He may be delusional or he may know that it's not true but wants it to be true because that would back up certain beliefs he may have i.e. you are not to be trusted - could be some form of personality disorder in which he can't deal with intimate relationships so sabotages them. Or he could just be playing mind games with you because he enjoys it.

Whatever the reason it's not 'normal' and you can't do anything about what he thinks - but you can take steps to protect yourself and your children. Get some good advice - Women's Aid, CAB, solicitors - and take control before he tries to take the children off you. I'm sure most people who know you would think his behaviour is odd but people like this can sometimes be convincing to those who don't know them.

Just remember, you know the truth.

garlicnutty Thu 22-Sep-11 13:40:01

You can't carry on like this, can you.

Please do see a solicitor. I suspect it will be far easier for you to divorce him for unreasonable behaviour - constant accusations of infidelity, claiming to have placed recording devices around the house - although he would doubtless want to counter-claim. The point being that, if he insists on divorcing you for infidelity, either you have to agree with him or he has to name a co-respondent which could be a little tricky.

As far as I know, the grounds for divorce have no bearing on any settlements unless there is abuse. Of course, he is abusing you but I get the impression life will be a lot simpler if you just follow the path of normality (despite evidence to the contrary!)

You must be at your wits' end. I remember your other thread; it was kind of plain you weren't ready to face just how bad things were. I hope you are now, and that you can rally enough moral & practical support. All the best.

RabbitPie Thu 22-Sep-11 13:40:33

Message deleted by MNHQ. Here's a link to our Talk Guidelines.

mummytime Thu 22-Sep-11 13:42:37

He is saying you are having multiple affairs. Is this true?
If not then he has a problem. Ignore what some doctors said (who only met one of the two of you). He is fixated on something which is not true.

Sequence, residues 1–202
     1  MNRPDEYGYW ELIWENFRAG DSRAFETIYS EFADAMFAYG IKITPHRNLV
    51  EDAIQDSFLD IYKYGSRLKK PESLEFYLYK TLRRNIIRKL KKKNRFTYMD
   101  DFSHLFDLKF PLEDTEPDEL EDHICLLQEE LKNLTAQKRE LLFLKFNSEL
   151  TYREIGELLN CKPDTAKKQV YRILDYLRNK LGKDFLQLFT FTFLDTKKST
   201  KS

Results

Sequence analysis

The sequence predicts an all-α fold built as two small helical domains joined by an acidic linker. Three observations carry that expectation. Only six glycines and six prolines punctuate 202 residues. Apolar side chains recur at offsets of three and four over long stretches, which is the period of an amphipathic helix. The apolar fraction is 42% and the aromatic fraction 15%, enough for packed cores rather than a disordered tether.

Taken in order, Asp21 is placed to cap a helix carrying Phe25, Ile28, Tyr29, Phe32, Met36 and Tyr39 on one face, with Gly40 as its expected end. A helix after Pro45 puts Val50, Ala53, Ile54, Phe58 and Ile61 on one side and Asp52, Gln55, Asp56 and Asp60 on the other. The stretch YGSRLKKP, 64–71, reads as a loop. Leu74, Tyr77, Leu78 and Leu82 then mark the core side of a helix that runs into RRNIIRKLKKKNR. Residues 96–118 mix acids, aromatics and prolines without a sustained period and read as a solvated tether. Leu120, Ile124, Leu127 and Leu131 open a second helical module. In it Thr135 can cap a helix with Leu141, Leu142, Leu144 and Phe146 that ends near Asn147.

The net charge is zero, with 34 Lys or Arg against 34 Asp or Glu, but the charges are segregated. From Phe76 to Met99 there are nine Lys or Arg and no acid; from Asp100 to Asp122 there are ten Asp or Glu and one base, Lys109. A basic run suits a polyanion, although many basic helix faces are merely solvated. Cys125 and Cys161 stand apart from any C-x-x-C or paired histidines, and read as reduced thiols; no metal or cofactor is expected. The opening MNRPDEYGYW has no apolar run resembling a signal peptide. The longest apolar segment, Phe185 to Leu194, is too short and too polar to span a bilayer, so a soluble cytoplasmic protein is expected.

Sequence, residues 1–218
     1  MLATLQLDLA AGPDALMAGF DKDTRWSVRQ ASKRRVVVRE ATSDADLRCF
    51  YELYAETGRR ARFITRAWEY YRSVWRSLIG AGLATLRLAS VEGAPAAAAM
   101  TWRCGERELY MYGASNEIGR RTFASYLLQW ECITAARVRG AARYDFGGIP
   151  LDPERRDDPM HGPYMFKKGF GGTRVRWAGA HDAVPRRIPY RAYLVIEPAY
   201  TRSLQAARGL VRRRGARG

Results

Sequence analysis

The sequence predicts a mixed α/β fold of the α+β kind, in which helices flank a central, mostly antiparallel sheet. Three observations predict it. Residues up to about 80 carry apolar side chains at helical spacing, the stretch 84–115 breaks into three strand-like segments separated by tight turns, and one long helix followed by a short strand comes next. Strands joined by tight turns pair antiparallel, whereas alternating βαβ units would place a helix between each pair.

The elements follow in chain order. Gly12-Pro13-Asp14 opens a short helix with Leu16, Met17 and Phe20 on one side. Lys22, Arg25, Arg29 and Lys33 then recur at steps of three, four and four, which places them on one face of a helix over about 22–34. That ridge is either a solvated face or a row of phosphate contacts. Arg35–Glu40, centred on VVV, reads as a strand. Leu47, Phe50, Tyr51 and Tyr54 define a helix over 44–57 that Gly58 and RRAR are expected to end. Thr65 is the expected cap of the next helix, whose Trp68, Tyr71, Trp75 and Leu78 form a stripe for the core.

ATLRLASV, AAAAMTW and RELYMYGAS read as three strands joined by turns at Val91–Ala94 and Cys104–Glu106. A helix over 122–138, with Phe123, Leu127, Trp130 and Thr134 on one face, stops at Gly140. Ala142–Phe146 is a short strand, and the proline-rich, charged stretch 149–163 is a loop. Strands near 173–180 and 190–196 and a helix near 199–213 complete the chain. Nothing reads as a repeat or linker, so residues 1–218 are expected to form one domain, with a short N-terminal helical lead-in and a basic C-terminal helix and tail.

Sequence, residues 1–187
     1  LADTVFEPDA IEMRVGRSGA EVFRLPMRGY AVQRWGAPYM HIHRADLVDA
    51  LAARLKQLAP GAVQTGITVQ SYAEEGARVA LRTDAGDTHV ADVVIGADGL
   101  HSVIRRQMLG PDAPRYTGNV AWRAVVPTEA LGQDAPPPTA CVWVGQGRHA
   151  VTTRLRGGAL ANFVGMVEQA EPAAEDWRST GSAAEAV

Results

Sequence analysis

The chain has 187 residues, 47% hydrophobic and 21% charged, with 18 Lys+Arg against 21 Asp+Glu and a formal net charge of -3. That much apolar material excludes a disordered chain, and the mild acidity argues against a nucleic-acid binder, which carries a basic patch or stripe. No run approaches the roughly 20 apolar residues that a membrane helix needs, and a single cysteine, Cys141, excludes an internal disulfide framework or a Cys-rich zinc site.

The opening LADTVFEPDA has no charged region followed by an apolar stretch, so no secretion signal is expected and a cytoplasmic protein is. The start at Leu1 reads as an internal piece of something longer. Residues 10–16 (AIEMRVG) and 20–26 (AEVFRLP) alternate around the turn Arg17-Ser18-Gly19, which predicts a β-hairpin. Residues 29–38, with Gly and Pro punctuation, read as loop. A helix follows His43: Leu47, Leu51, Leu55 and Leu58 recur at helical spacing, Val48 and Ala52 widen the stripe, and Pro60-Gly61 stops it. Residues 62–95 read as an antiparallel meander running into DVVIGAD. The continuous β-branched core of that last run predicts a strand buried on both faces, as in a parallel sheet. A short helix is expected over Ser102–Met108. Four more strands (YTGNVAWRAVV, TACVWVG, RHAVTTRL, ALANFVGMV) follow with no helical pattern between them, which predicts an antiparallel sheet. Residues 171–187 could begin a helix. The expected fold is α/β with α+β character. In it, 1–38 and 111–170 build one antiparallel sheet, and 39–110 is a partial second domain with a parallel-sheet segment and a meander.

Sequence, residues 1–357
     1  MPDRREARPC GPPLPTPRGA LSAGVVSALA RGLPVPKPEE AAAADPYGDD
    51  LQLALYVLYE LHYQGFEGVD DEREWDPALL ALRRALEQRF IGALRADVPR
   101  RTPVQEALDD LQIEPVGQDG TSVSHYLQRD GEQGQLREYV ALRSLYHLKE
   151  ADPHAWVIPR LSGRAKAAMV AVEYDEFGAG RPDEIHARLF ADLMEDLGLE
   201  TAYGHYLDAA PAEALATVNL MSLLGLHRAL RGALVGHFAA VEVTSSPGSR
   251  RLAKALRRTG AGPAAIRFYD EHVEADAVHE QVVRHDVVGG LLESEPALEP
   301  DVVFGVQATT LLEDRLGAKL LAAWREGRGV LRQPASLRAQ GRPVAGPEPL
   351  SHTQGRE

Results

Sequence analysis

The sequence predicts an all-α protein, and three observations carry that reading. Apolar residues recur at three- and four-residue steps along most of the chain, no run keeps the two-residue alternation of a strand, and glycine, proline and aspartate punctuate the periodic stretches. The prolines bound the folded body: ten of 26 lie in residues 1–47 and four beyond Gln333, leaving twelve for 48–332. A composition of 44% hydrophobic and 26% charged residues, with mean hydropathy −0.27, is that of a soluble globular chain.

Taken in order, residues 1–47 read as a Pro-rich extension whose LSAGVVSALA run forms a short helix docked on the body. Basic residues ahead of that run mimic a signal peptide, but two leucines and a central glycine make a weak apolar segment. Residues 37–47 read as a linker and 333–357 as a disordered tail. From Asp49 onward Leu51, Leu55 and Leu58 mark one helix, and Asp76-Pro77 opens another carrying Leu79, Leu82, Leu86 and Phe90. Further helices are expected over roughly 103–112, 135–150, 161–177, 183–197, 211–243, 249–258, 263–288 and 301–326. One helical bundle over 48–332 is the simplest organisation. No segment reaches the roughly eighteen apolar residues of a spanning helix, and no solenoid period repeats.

Either; he is doing this to stop you going out at all, talking to other people and isolate you.
Or he is doing this because he is delusional. What would you think if instead he was telling you he was the Son of God? He could seem totally rational, but still believe this. Do these recording devices exist? Does the PI exist? Has he paid for one, is there any record of this?

You cannot make him better. Please go and read the relationships board. one person can't stop another being an alcoholic, being addicted to gambling, losing control of their anger and so on. You cannot make your husband realise his assumption is wrong because: either he is faking it to gain control, or he is delusional.

Even if you were a top psychologist you could not treat him, you are too close.

You need to look after yourself and your children.

catsrus Thu 22-Sep-11 13:45:07

Just on a practical issue OP - what is said in the divorce document will not affect who has the children or what maintenance / split you get. my ExH wanted a divorce (OW but was not admitting to it) - I told him if he wanted a divorce I would not oppose it, but I would not instigate it. We used collaborative family law solicitors and he divorced me on the grounds of my unreasonable behaviour (LOL) I never read the petition, just signed that I had received it. It meant a fast track divorce (told me in Oct, decree absolute in April). You can simply say you do not agree with what the petitioner has said but you do not oppose the petition. Talk to a solicitor and get some advice - but TBH I would not want to be in the same house as someone that delusional - nor want my children exposed to it.

I know what you mean about things being 'on record' but I felt that as long as those I cared about know the truth then that was all that mattered. People who know both of us really were 'wtf' when they heard he'd divorced me - and I really have not been tempted to look at what he wrote.

concentrate on what is the best course of action for you and the children, your safety and what you need to get on with your lives now - and see a solicitor asap.

kblu Thu 22-Sep-11 13:50:04

The grounds of a divorce bear no resemblance on any settlement. They are just a mechanism for obtaining a decree absolute. Nothing more nothing less. Only the court and the parties to the divorce can see what is cited in the particulars unless you decide to show anybody else. In a divorce for "unreasonable behaviour" a petitioner only needs to state five or six reasons for divorce that can be extremely watered down so as not to offend. If someone wants to put three A4 pages of crap then that is up to them but it won't make a scrap of difference to the court. All it will do is offend the respondent. You just have to look at a divorce petition as a means to an end, a mechanism for obtaining a decree absolute - that is all.

With regard to him saying he wants the children, well I can't see that happening at all. Even if he took you to court, given his unbalanced state of mind a judge would probably order a psychological assessment before ordering any form of contact (with him) to be honest.

I would go and see a solicitor to get some advice, it will put your mind at rest somewhat.

BTW, i've been a legal secretary for 20 working for a partner who deals with divorce/family matters so do know a bit about how it works smile

kblu Thu 22-Sep-11 13:50:22

sorry 20 years that was supposed to be.

prh47bridge Thu 22-Sep-11 13:57:18